Veterinary Medicine

Whether they're pets, livestock or working animals, animals matter to individuals and society. Every community needs veterinary professionals to provide animal health care, but veterinarians provide many other services. They make sure the nation's food supply is safe. They work to control the spread of diseases. They conduct research that helps both animals and humans. Veterinarians are at the forefront of protecting the public's health and welfare. (Learn more from the Association of American Veterinary Colleges, AAVMC)

Academic Preparation

Although many preveterinary students major in EEB, there is no required or recommended major. Preveterinary students pursue their major alongside veterinary school prerequisites: 

Often include:

  • General Chemistry with lab (2 semesters)
  • Organic Chemistry with lab (2 semesters)
  • Physics with lab (2 semesters)
  • Introductory Biology with lab (2 semesters)
  • Biochemistry (1 semester)
  • Math: 1 semester calculus, 1 semester statistics
  • English (2 semesters)
  • Advanced Biology (e.g., Genetics, Microbiology)

Sometimes include:

  • Public Speaking
  • Social science and humanities electives
  • Required hours of work with animals

Check individual schools as requirements vary widely. For more specific information, see: AAVMC Summary of Course Prerequisites Chart (pdf)

Cocurricular Preparation

Many schools require significant hours of work with animals (for example, Cornell recommends 400 hours with some breadth of experience; UPenn recommends at least 500-600 hours of experience working directly with veterinarians; both require a letter of evaluation from a veterinarian).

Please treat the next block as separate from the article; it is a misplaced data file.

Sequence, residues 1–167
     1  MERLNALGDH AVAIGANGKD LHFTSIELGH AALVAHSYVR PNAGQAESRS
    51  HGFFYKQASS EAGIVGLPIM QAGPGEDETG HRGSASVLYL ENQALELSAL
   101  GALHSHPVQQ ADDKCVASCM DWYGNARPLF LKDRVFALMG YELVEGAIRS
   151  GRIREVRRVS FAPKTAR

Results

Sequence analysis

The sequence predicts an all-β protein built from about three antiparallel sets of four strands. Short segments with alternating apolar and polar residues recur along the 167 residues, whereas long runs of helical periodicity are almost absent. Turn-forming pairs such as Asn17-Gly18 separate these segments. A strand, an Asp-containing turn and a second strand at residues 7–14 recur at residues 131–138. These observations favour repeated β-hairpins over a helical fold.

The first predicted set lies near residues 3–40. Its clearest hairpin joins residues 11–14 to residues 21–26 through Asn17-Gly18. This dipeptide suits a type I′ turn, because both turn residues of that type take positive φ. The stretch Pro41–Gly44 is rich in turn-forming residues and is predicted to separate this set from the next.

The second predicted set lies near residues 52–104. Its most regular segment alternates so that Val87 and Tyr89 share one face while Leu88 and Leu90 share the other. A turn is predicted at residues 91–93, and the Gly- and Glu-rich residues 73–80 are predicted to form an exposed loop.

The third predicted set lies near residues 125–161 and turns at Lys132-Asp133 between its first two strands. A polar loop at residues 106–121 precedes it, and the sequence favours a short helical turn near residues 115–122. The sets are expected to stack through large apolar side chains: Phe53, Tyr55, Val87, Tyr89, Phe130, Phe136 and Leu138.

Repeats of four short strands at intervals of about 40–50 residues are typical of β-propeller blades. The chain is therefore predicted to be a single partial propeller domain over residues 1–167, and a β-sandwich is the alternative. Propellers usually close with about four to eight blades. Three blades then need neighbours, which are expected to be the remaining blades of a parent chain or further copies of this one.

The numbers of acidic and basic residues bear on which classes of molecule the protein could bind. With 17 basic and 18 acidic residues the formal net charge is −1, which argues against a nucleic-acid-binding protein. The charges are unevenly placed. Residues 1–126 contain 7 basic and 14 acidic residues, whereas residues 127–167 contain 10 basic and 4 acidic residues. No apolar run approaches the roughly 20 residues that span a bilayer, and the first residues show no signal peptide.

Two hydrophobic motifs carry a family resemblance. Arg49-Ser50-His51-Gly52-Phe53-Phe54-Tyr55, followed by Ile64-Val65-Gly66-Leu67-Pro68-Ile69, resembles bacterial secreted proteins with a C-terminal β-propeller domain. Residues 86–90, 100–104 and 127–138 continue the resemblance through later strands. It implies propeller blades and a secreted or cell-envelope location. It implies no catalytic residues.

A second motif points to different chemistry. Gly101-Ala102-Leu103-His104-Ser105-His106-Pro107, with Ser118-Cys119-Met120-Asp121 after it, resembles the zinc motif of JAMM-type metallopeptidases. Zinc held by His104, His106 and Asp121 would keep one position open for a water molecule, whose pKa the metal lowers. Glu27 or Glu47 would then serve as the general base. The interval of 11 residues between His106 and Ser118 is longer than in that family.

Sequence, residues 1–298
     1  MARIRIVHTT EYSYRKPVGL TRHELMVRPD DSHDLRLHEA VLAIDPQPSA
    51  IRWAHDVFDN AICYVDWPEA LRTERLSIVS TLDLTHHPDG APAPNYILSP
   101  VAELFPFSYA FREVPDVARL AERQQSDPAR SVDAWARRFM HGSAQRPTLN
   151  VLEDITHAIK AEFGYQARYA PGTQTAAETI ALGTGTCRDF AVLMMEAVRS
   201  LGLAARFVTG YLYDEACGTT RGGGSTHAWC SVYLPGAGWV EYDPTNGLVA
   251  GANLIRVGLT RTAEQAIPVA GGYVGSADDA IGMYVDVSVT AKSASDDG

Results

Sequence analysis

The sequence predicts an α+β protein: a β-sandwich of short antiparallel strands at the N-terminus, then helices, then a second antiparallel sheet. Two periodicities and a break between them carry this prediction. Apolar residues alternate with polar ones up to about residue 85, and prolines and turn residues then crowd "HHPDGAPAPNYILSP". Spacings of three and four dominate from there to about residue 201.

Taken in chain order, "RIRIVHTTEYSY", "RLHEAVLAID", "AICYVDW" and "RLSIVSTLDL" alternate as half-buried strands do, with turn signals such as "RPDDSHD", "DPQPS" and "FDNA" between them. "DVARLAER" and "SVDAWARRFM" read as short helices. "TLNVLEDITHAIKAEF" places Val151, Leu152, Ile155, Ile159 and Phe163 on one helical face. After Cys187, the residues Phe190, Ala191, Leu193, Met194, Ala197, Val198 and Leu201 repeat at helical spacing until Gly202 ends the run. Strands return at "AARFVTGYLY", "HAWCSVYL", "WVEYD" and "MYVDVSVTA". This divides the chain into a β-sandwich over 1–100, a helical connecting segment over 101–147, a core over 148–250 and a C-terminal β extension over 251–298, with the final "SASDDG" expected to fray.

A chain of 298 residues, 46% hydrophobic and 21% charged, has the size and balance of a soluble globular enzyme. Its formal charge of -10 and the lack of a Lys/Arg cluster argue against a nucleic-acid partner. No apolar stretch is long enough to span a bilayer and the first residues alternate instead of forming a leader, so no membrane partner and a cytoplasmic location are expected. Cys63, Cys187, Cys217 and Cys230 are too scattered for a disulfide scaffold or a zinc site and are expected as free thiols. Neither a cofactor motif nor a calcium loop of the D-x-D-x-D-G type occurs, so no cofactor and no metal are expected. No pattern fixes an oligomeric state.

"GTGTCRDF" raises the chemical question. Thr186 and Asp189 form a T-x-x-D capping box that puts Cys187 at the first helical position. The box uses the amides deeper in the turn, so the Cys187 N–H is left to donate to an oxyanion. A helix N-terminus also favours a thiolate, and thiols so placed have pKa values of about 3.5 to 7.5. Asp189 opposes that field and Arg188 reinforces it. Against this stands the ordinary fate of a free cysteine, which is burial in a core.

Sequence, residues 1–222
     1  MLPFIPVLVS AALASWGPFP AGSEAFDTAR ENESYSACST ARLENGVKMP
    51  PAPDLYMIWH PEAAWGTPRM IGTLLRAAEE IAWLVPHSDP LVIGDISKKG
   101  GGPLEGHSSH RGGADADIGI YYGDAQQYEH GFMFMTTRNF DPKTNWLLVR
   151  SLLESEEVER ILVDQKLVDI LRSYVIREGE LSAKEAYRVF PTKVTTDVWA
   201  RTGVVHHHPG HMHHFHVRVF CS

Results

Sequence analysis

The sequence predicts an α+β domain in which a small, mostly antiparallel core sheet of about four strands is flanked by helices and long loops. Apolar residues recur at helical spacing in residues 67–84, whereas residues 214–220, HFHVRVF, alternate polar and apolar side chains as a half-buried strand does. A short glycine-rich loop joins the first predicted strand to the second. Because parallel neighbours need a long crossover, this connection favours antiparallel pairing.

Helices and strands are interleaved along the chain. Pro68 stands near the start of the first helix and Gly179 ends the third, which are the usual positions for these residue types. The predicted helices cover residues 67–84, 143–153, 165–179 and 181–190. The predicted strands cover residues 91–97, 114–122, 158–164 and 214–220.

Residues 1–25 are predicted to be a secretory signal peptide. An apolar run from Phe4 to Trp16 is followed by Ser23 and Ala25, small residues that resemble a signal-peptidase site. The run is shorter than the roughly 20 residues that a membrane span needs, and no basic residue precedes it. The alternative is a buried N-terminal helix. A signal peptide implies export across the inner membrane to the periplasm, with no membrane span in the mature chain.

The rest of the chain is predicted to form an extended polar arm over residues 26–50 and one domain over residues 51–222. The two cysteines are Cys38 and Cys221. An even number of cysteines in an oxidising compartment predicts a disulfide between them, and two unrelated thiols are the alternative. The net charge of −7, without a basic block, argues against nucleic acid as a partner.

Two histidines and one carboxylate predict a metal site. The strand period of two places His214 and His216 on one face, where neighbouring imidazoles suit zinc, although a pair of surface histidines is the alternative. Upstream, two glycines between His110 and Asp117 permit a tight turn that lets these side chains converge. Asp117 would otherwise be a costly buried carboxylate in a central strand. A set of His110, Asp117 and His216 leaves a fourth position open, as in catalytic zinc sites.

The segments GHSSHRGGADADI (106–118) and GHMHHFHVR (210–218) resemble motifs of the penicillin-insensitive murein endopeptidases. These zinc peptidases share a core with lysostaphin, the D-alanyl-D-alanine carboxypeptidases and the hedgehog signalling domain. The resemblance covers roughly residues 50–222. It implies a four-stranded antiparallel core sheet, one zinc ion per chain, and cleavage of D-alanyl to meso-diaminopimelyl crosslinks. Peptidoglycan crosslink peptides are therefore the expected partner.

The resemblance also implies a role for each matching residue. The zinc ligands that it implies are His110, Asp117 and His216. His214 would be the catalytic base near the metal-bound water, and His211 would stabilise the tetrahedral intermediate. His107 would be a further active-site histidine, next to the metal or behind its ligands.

Application logistics

  • Apply in the late summer/fall, about 14 months before intended entry.
  • The Graduate Record Exam (GRE) is required by some programs. The GRE comprises three sections: Reading Comprehension; Quantitative Reasoning; and Analytical Writing.
  • Most programs participate in the Veterinary Medical College Application Service (VMCAS). VMCAS opens in May with fall deadlines.
  • Program requirements vary, but expect to have at least three letters of recommendation. HPA can store copies of letters of recommendation, but recommenders will ultimately send references through the VMCAS eLOR system. Veterinary programs do not require a committee letter of recommendation.

DVM Matriculant Profiles

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Princeton University does not have a veterinary program. We share this information for Princeton students and alumni who may be interested in becoming veterinarians.